Sex Pistols - 76-77 4CD
If at first you don’t succeed, try again… Sex Pistols "76/77", features no less than 80 alternate versions of tracks recorded between May 1976 and Sept 1977 that would help form the legendary album NMTB’s. This set includes 8 previously unreleased versions.
Background:the Sex Pistols as we know them (John, Paul, Steve and Glen) got together in the summer of 1975. It would be some 10 months before they first ventured into a recording studio with Chris Spedding, on May 15th 1976 at Majestic in London. Later that July they’d record first at Decibel and then at Riverside with Dave Goodman and subsequently at Landsdown and Wessex later that October. All these early recording sessions are included here, giving listeners the opportunity to hear just how the songs and the band’s sound evolved from the start.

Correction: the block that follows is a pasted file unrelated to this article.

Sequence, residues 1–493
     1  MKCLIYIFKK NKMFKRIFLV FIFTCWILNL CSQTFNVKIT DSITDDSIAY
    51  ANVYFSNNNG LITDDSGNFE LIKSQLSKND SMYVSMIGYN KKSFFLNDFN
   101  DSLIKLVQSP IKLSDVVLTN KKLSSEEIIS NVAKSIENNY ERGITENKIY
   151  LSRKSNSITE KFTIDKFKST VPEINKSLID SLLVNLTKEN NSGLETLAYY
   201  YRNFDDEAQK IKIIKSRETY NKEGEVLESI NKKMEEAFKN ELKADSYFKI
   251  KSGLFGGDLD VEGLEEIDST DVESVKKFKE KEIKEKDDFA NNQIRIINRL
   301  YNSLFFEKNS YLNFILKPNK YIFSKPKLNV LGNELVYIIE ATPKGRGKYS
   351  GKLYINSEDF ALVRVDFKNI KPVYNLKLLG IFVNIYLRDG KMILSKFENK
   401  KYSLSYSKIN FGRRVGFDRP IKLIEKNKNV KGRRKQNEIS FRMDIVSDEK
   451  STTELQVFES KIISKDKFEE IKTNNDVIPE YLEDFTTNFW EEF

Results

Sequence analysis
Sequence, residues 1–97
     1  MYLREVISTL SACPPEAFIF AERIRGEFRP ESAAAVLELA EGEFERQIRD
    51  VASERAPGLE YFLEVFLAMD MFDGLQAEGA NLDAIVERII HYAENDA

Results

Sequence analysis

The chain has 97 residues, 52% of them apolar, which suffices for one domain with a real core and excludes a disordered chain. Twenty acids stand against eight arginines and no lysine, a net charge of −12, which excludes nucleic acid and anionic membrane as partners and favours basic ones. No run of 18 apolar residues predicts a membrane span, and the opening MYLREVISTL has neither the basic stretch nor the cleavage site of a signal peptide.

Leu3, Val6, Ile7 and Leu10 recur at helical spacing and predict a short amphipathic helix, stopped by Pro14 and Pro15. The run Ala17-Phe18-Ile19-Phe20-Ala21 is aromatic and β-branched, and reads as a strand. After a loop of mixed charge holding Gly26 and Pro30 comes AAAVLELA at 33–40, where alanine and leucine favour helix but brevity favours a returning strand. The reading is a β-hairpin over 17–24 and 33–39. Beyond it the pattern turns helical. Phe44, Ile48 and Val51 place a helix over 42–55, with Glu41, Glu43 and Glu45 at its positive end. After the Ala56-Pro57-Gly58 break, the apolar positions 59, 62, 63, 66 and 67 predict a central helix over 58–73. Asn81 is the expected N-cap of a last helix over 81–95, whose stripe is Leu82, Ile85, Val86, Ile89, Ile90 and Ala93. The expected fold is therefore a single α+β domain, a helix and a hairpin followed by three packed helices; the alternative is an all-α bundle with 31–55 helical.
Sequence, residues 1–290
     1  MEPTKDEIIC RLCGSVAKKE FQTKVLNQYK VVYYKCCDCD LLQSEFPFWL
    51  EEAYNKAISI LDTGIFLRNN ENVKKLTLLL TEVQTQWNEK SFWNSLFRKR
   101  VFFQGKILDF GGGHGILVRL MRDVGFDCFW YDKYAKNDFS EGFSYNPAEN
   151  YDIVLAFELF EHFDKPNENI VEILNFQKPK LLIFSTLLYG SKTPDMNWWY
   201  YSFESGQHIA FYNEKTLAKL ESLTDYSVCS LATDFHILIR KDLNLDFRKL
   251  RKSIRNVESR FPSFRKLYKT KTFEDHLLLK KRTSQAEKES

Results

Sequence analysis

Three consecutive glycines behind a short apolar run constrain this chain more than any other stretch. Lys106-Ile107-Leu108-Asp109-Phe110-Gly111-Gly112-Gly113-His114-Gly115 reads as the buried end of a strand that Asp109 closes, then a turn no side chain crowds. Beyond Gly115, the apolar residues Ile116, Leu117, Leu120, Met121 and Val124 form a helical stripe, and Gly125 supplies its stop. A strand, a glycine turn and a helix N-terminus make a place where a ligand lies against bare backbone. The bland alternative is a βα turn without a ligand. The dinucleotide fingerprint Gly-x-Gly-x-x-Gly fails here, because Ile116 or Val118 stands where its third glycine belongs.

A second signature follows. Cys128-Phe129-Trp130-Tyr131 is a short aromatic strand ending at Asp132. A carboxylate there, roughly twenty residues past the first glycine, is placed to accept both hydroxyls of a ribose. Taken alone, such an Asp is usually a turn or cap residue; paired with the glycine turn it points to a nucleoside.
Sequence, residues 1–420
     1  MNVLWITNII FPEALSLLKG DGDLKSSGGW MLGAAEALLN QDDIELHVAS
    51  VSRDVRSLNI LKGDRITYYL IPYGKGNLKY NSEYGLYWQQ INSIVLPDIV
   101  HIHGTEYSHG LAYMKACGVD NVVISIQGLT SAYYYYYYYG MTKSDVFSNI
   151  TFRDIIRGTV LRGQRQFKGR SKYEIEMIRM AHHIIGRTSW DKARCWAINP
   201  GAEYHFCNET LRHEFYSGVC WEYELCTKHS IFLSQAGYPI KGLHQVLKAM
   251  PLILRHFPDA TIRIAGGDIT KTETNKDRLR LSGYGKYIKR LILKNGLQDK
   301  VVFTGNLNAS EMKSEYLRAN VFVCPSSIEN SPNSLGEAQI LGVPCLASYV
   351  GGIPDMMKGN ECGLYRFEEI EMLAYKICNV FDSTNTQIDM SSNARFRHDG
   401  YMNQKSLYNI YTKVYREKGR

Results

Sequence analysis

During this period the band signed to EMI and also undertook sessions at their Manchester Square studio. Again these recordings are included on this set.
After issuing Anarchy in the UK, the adverse publicity around it and the band’s TV appearance (in place of Queen) on Bill Grundy’s ITV show on Dec 1st 1976, EMI would drop them on Jan 6th 1977. The band kept the record company advance of £40K and promptly got together again with Dave Goodman at Eden and Gooseberry studios and carried on recording. Glen would depart in February and would be replaced by Sid Vicious.
They then signed to A&M on March 9th (£150K), re-staging the signing outside Buckingham Palace the following day for the press. A&M quickly began pressing the single God Save the Queen for a March 25th release. 25K units were created but on release day A&M announced they’d pulled the single and dropped the band and would destroy the records. Meanwhile the band kept £75K in compensation and recording sessions continued.
Friday the 13th…..lucky for some? On Friday May 13 they signed to Virgin records and would continue recording right up until Sept 1977, with "Never Mind the Bollocks" being released the following month.
"76/77" shows just how "Never Mind the Bollocks" came to be. There was no luck; instead inspiration, creativity and hard graft.